The Sima Power Station, located
south-west in the Sima Valley, utilizes water from two geographically
separated areas and is in reality two power stations, Lang-Sima and Sy-Sima,
which share the same machinery hall.
Lang Sima Power Plant
uses water which is stored in Rundavatn and Langavatn. Langavatn has 48m. of
working storage. Both dams are retained by rockfill dams, gathering water
from the rivers on the west side of the big glacier Hardangerjokulen.
Langavatn gave rise to the name Lang-Sima.
Sy-Sima Power Plant
Water from Bjoreio and the south side of Hardanger jokulen is diverted to
the main storage in Sysenvatn, where you now stand. Sysenvatn has 66 meters
of working storage and a top water level 940m. above sea level. The water is
retained by a rockfill dam and is among Norway's biggest. A tunnel leads the
water to the forebay Rembedaisval Sysenvatn gave rise to the name Sy-Sima
This drawing clear ly shows what is meant by "gathering water by the roof
guttet principle. Highlying
water, in part behind dams, is network of natural river basins or artificial
conduits tunnelled through the rock. The most important sluices and valves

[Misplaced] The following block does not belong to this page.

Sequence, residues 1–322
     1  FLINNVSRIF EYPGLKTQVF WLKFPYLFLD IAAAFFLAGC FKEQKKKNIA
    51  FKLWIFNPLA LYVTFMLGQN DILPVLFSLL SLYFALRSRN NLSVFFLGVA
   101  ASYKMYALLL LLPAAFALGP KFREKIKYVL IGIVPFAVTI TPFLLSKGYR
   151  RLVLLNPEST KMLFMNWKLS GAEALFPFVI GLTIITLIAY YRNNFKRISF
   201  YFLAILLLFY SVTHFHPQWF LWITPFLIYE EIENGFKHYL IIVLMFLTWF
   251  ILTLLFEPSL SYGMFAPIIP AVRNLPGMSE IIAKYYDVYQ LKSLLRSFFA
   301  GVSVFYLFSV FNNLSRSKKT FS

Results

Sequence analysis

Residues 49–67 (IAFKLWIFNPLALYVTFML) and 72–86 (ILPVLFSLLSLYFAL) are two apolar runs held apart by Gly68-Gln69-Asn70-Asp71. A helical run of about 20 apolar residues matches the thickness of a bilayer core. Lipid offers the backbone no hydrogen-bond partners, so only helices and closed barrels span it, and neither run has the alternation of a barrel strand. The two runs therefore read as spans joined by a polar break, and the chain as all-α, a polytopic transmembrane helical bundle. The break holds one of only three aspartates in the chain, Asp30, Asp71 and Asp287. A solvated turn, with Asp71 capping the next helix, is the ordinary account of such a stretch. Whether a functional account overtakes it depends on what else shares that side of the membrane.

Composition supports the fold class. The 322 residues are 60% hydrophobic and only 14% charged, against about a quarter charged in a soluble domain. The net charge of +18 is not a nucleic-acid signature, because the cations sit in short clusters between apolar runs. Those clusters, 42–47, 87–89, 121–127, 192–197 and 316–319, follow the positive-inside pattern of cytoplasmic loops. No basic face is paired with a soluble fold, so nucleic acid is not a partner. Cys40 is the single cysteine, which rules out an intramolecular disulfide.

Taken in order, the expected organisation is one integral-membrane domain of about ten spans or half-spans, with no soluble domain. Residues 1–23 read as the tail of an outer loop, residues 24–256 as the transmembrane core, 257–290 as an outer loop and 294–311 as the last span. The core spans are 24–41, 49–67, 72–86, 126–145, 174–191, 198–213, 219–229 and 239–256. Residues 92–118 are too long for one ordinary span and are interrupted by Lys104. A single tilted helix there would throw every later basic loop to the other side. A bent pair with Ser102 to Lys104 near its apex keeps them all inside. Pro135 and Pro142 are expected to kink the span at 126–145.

may be opened and shut by remote control either from the Station control
room at Sima or the operating centre in Sauda. In this way it is possible to
"store" water until it is needed before releasing it down into the pover
The Sysenvatn lake is retained by a rockfilI dam with an impervious, moraine
core. The enormous weight of the rockfill keeps the reservoir water in
place. Both sides of the watertight core are provided with filter zones of
sand and gravel thus preventing the core from being washed away The huge
quantities of stone used in the backfill on both sides we e collected in
part from the tunnel operations nearby, and in part from reservoir areas now
under water. The backfill is faced with large, placed stones.